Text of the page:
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We all know about plastic pollution—the microplastics that are shed and the general waste caused. And we know how difficult it is to recycle a product that takes 500 years to biodegrade. But the harm plastics do starts even before they are made.

Plastics have fuelled the fast fashion cycle. Cheap, flexible materials such as polyester and nylon make up about 60% of clothing and 70% of household textiles. They are so cheap, in fact, that disposal has become an essential part of the fast fashion business model. The average garment is discarded after being worn for an average of just 7-10 times. The best way of combatting this is, of course, to design things to be made from durable, natural materials that people want to keep.

Plastics are made from fossil fuels and they emit greenhouse gases from cradle to grave. Right now, they are responsible for up to 8% of oil consumption globally, and unless action is taken, that figure will only rise. In fact, from 2020 to 2040, analysis suggests that BP expects plastics to represent 95% of the net growth in demand for oil.

“Plastic & Climate: The Hidden Costs of a Plastic Planet,” a report by the Center for International Environmental Law (CIEL), a nonprofit environmental law organisation found that if we continue to rely on plastics as heavily as we do, they will account for 20% of oil consumption by 2050.

Oil, gas, and coal are the building blocks of plastics and their extraction and transportation are carbon-intensive. The CIEL report estimated that extracting and transporting natural gas for plastic creation in the United States alone accounts for 12.5 to 13.5 million metric tons of carbon dioxide equivalent each year. These emissions are all produced before the plastic is actually made.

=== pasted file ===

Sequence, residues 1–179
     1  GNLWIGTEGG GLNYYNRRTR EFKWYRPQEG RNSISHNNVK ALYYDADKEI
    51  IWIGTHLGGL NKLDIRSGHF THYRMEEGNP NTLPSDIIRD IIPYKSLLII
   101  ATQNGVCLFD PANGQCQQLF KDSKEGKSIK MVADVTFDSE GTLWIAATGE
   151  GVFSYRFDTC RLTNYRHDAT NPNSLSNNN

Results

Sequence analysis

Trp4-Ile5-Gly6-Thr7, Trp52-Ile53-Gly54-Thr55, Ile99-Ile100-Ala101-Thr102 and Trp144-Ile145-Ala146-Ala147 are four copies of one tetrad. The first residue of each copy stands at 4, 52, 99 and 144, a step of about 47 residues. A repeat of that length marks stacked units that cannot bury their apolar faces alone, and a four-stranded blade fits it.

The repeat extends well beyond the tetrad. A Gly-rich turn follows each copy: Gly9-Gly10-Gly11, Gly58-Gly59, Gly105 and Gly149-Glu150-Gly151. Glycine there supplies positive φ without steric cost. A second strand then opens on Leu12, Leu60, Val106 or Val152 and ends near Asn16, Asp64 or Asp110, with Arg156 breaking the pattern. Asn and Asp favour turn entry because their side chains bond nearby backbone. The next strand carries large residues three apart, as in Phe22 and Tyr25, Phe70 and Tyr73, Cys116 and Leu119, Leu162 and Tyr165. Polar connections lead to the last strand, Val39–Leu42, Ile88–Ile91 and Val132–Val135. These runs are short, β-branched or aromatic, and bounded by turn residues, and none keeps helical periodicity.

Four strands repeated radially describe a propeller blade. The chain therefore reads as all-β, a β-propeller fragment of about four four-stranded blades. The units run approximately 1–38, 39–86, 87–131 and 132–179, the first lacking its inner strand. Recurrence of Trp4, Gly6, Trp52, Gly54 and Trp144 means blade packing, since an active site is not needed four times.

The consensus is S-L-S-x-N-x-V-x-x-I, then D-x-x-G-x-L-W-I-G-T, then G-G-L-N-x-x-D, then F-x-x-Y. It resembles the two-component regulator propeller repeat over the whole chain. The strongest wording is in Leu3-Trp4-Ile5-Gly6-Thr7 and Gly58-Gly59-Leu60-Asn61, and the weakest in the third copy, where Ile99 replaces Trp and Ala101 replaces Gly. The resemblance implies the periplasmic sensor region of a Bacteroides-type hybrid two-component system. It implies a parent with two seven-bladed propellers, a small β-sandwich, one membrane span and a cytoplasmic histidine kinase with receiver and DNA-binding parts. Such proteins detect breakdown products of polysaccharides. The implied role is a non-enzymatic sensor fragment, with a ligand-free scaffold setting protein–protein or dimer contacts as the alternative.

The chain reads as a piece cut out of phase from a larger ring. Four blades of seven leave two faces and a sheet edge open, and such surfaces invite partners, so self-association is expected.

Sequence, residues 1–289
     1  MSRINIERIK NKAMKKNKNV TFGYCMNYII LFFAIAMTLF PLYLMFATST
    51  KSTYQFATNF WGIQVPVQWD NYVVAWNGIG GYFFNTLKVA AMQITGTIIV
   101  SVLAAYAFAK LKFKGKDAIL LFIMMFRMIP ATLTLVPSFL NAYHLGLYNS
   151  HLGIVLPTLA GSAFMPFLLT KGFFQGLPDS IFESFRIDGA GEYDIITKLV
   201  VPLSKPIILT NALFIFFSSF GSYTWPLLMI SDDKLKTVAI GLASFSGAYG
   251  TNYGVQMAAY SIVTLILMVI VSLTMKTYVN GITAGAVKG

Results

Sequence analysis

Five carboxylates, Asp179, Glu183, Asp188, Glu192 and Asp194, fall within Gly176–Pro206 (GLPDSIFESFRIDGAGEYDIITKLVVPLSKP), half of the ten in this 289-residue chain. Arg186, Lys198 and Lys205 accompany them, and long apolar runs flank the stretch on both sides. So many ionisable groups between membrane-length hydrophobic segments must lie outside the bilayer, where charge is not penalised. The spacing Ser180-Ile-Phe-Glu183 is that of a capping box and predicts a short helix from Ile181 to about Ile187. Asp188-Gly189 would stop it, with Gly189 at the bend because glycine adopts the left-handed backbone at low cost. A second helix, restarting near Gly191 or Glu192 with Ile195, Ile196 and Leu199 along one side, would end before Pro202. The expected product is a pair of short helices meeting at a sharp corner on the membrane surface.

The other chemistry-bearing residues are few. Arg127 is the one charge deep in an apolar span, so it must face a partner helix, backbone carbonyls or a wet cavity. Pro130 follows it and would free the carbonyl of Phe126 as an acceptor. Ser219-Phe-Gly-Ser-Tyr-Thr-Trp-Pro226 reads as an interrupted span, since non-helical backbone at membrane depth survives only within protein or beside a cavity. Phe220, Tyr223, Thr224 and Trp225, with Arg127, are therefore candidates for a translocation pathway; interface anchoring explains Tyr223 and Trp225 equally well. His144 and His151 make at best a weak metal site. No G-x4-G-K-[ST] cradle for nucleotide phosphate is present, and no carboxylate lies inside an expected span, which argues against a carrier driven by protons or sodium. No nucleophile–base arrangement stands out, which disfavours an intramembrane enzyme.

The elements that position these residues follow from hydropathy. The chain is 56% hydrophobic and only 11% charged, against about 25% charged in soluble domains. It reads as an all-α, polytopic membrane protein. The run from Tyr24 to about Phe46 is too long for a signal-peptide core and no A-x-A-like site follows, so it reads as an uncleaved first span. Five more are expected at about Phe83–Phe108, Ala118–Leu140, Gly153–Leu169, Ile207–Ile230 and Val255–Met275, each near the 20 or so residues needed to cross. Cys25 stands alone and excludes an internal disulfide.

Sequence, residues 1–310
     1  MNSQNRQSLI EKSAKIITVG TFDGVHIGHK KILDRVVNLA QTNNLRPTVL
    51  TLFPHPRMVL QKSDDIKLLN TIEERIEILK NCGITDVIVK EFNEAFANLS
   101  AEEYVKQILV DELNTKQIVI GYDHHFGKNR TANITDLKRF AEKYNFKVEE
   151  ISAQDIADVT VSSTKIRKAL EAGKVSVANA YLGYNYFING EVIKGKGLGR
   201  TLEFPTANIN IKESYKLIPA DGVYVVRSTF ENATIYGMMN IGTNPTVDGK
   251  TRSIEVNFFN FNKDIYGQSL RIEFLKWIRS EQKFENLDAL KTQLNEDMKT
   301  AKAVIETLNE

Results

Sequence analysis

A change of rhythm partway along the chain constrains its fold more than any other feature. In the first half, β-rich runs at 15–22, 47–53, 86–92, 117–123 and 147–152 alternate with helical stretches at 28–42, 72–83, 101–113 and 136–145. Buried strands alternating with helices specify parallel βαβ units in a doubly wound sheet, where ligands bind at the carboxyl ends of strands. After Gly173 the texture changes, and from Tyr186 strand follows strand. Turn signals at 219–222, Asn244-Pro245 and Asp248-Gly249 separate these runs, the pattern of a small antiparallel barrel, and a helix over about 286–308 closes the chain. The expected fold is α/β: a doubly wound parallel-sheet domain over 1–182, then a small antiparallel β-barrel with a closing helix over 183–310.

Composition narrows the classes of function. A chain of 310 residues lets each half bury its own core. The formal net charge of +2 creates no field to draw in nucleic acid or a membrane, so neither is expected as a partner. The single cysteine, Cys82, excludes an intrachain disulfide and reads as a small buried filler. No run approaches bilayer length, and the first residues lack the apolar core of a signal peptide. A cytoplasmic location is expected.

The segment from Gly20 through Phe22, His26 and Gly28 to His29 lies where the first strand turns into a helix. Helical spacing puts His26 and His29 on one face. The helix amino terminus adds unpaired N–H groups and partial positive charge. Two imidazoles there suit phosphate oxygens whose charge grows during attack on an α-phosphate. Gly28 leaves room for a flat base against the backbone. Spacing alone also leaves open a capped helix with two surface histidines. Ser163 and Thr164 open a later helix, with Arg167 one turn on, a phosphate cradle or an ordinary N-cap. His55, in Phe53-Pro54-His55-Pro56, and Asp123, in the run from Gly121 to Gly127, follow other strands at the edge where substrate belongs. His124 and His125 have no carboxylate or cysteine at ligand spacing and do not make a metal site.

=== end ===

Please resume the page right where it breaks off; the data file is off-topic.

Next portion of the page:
Refining plastics is equally greenhouse-gas intensive. In 2015, emissions from the manufacturing of ethylene, which polyethylene plastics are made from, were 184.3 to 213 million metric tons of carbon dioxide equivalent. That is about as much as 45 million passenger vehicles emit each year, according to the CIEL report. Carbon dioxide emissions from ethylene production are projected to expand by 34% between 2015 and 2030.

On average, one tonne of plastic produces five tonnes of CO2, roughly twice the CO2 produced by a tonne of oil.

And what happens at the end of the life of a plastic product? Well, it is harder to recycle than its manufacturers and sellers would have you believe.

For the tiny proportion of plastic that is recycled, the main method used is chemical. Chemical recycling involves using solvents on it to make either fuel, or feedstocks for making more plastic. Plastic to fuel conversion, unsurprisingly, produces greenhouse gases, compounding the problems caused when the plastic was created. Plastic to feedstock conversion produces toxic waste.

Greenpeace addressed this problem in a report published in 2022. They found that the amount of plastic actually turned into new products has fallen to about 5% of all that is produced. And as the increasing production of plastic places more strain on the capacity to recycle, that figure will drop even lower.

According to the Ellen McArther Foundation’s New Plastic Economy Initiative for something to be called recyclable, 30% of it must be recycled. Greenpeace found that no plastic can be called recyclable because no types of it have ever achieved anything close to that rate.






Working with our partners at Arts Thread to develop lifelong learning and career opportunities for students of fashion and design. Our partnership provides the opportunity to compete on a world stage, participate in industry led workshops, set up an outstanding portfolio and gain access to the resources that will kickstart careers in fashion and design.